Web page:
Durban, South Africa—This monthly section devoted to environmental news wrapped up last year’s coverage with a preview of the 17th Conference of the Parties (COP17) to the United Nations Framework Convention on Climate Change (UNFCCC), which was held here from November 28th to December 9th. Now, those talks recede into the past and their results become clearer as we move forward: While averting a disastrous lapse in climate efforts and perhaps laying some important groundwork, the world’s nations put off ambitious action on climate change until a later date. Meanwhile, in the aftermath of the talks, Canada has chosen to remove itself from the existing international framework for emissions reduction.

The official result of the conference was the Durban Platform, a package of agreements reached by negotiators after 5 a.m., well after the talks were set to end. The key element was an agreement to develop, by the year 2015, a legally binding treaty limiting greenhouse gas emissions that would apply to all 194 United Nations (UN) member governments. The other stop-gap result was to extend the commitment period for the Kyoto Protocol starting the day after the current period ends on December 31, 2012. The talks also produced an agreement to launch the Green Climate Fund, which will aid developing nations with money to offset the damage of climate change and develop sustainably.

UN Secretary-General Ban Ki-moon praised the results of the talks, seeing in them “a significant agreement that will define how the international community will address climate change in the coming years.” The binding agreement that nations agreed to develop must take effect by 2020 at the latest. It was agreed that this new document must adhere to the goal, established at last year’s climate conference, of keeping global temperature increases below two degrees Celsius over pre-industrial levels, a figure many scientists cite as a tipping point for the worst impacts of climate change. Work on this document will be undertaken by the newly christened Ad Hoc Working Group on the Durban Platform for Enhanced Action.

The uncertainty surrounding the possibility of even this modest stepping stone stemmed from the question of whether the United States, India and China would eventually agree to be legally bound. All three did so, but the United States was reluctant. U.S. Climate Envoy Todd Stern told other delegates, “This is a very significant package. None of us likes everything in it. Believe me, there is plenty the United States is not thrilled about.”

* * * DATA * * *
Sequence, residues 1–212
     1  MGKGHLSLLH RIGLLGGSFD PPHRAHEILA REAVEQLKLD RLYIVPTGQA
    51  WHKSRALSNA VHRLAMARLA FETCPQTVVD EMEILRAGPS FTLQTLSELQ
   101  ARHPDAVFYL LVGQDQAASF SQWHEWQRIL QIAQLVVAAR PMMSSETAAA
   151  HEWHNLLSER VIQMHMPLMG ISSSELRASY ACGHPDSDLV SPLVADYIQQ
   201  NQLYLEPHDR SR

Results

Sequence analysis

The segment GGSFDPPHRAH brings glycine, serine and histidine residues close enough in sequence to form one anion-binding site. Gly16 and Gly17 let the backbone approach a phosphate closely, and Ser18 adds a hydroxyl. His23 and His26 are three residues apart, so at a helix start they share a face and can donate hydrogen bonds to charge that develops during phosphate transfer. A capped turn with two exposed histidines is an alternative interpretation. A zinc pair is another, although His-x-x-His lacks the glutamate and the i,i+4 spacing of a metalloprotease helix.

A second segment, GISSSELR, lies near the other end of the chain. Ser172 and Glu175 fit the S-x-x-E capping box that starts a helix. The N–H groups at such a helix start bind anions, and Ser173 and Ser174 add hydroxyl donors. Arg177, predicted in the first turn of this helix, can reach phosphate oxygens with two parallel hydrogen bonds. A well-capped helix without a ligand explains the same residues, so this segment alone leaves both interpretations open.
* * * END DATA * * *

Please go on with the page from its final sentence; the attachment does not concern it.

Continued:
The conference was interrupted when a large group of protesters representing many different interests and organizations blocked movement within the conference hall before being asked to leave and in some cases forcibly removed. They chanted “Climate Justice Now!”, “Don’t Kill Africa!”, “World Bank out of Climate Finance!”, “No Carbon Trading!” and other slogans before being removed. Even the gains made in the last hours of the conference were up in the air two days before. In urging the full assembly of delegates to work to extend the Kyoto Protocol and to achieve other ends, Ban said they must show leadership in Durban and pull the world “back from the abyss.” The next annual UNFCCC Climate Change Conference is scheduled for November 26 through December 7, 2012 in Qatar.

After returning from the climate conference, Canada’s Environment Minister Peter Kent revealed that his nation is formally withdrawing from the Kyoto Protocol, and Japan and Russia may follow in not signing on to the new agreement. Canada’s current leaders have stated since 2006 that they do not support the Protocol, which requires signees to reduce their greenhouse gas emissions by an average of 5.2 percent from the period 2008–2012. To meet these targets, Kent said that Canada would be “removing every vehicle of every kind from Canadian roads,” or “closing down the entire farming and agricultural sector and cutting heat to every home, office, hospital, factory and building in Canada.” The penalty for not meeting reduction goals is the transfer of funds to other nations for emissions reduction purposes.

Published in WholeFoods Magazine, February 2012